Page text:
Efforts by the Southern Province and Northern Province Governors to settle refugees in their provinces met with opposition partly because the governors’ authority had been, albeit meaning well, usurped from the expired Provincial Councils to which elections were unlawfully delayed through parliamentary intrigue and inefficiency
Sadly many Tamils saw it as an effort to bring Muslims to Jaffna because the Sinhalese did not want “such dangerous people” in their midst. Tamils could not see the parallels to 2007 when Gotabaya Rajapaksa as defense secretary declared Tamils as dangerous terrorists who had to be shipped out of Colombo to save Colombo from bombs. At the time the courts declared such racial profiling to be discriminatory and violative of rights. The government was forced to return to Colombo the Tamils involuntarily taken to the North.
Today there are some meagre signs of hope against similar racial profiling of Muslims. The Human Rights Commission has come out against the banning of the Abaya. After the Sri Lanka Institute for Development Administration banned administrators coming to their courses in the Abaya, the Election Commission declared its protest and said we would permit our officers who so choose to go for SLIDA courses wearing the Abaya, and take it up legally if they were obstructed.
At that point Ruki Fernando (a Colombo-based rights activist) and the Ven Fr. Sam Ponniah (the Anglican Archdeacon of Jaffna) joined forces to bring willing refugees to Jaffna. Theirs were individual efforts with no institutional support. Father Ponniah privately asked some Jaffna Anglicans if they would host some refugee families in their homes. A few agreed and the number of families moving to Jaffna became 4 and then 5 and then 6 and so on says Father Ponniah.
Newspapers like the Uthayan had positive comments but not the Valampuri. It is a newspaper whose editor in a University of Jaffna speech declared that all Christians must become Hindu. That communalist newspaper is now threatening those helping the refugees find safety in Jaffna by writing that if any harm befell the refugees in Jaffna, then those bringing them to Jaffna must take the responsibility. Other churches that failed to offer even verbal support for the refugees cautioned Father Ponniah. Neighbours warned those who had volunteered to host the refugees, “The Muslims will come, produce fast and take over Jaffna. That is what the Sinhalese want. Do not give in to that.”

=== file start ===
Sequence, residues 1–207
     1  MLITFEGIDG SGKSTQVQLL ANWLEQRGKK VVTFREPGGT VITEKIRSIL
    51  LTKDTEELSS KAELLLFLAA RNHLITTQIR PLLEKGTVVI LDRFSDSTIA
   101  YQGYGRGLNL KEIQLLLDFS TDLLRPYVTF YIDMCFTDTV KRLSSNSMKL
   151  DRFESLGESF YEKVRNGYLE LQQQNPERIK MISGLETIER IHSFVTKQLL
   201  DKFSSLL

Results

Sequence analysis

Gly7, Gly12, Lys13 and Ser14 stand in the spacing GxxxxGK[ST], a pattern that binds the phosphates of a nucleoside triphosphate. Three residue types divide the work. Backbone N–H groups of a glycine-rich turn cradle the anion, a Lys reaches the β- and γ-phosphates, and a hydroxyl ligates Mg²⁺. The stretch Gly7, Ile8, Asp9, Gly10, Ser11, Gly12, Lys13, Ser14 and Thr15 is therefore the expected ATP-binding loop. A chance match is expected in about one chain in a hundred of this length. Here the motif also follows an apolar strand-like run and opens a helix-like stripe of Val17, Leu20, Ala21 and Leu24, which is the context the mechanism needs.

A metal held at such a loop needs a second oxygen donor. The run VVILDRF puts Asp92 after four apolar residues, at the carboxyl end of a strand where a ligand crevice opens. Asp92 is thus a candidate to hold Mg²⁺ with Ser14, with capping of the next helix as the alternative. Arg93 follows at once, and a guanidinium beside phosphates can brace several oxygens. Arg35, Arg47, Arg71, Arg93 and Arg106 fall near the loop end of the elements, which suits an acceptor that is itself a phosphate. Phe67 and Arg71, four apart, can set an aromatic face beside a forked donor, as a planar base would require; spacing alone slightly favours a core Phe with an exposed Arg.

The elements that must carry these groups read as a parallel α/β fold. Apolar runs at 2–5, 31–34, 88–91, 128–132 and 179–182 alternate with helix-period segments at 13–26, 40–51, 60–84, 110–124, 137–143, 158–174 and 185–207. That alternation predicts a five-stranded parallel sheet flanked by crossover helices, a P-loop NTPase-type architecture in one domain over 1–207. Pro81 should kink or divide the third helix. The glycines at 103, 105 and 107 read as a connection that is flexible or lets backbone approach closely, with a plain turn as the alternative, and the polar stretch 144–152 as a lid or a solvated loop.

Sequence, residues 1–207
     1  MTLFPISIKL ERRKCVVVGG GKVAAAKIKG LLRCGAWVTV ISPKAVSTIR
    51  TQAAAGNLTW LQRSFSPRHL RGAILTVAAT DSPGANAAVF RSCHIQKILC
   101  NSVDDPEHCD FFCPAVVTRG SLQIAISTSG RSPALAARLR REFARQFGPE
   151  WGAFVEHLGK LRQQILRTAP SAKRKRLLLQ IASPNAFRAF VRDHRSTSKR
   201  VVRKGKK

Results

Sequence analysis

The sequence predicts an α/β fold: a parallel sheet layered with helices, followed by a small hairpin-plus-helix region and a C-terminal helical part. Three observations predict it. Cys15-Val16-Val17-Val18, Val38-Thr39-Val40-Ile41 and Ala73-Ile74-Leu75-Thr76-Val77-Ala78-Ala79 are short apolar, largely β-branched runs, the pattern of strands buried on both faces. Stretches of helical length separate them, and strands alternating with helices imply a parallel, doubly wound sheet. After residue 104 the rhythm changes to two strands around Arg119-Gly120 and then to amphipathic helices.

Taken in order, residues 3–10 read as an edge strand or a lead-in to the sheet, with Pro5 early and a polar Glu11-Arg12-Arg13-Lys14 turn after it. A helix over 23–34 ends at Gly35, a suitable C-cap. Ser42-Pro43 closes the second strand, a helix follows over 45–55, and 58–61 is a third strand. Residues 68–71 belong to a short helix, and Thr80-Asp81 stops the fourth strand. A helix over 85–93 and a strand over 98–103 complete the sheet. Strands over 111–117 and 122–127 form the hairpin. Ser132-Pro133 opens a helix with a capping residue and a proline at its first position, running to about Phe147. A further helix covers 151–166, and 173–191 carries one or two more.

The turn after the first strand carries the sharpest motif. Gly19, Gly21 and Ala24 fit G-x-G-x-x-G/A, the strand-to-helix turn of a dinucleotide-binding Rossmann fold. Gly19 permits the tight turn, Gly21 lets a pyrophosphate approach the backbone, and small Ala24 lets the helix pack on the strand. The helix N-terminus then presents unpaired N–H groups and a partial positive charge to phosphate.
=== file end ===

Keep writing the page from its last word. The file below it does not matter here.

Today 19 May, Ruki Fernando arrived with other volunteers and the Abbas Ahmadis at 3:00 pm. As chief householder I had to go with them to the Police who seemed worried by Muslims coming to Jaffna but finally took my request to register the Ahmadis in my home, promising to send my application to Colombo for approval. The HQI’s worry was that this was the first refugee family settling in Jaffna. Apparently all the other volunteer hosts had backed out for some reason.
There are many ironies in the experience of the Ahmadis. They fled their home in Bamien which I visited and enjoyed during the last elections there. The Buddha statues of Bamien, a world heritage, were destroyed by the Taliban which chased off the Ahmadis. Buddhist monks in Sri Lanka are turning on the Ahmadis and others like him, telling them they cannot live in the Sinhalese areas of Sri Lanka.
The second perhaps greater irony is that on July 23, 2016 two Islamic State suicide bombers blew themselves up during a peaceful protest in Kabul killing 160 and wounded over 200 people as reported by Reuters. The attackers were reportedly from the local affiliate of the so-called Islamic State, known as the “Khurasan Province” (IS-Khurasan). The target was the Ahmadis’ Hazara folk who had been demonstrating against the route of a planned multi-million-dollar power line. And we Sri Lankans think the Abbases are ISIS!
And worse, Tamils think that racial profiling is wrong only if it is applied to Tamils but not when they apply it to Muslims.
To paraphrase Asterix’s inseparable buddy Obelix, “These Sri Lankans are crazy!”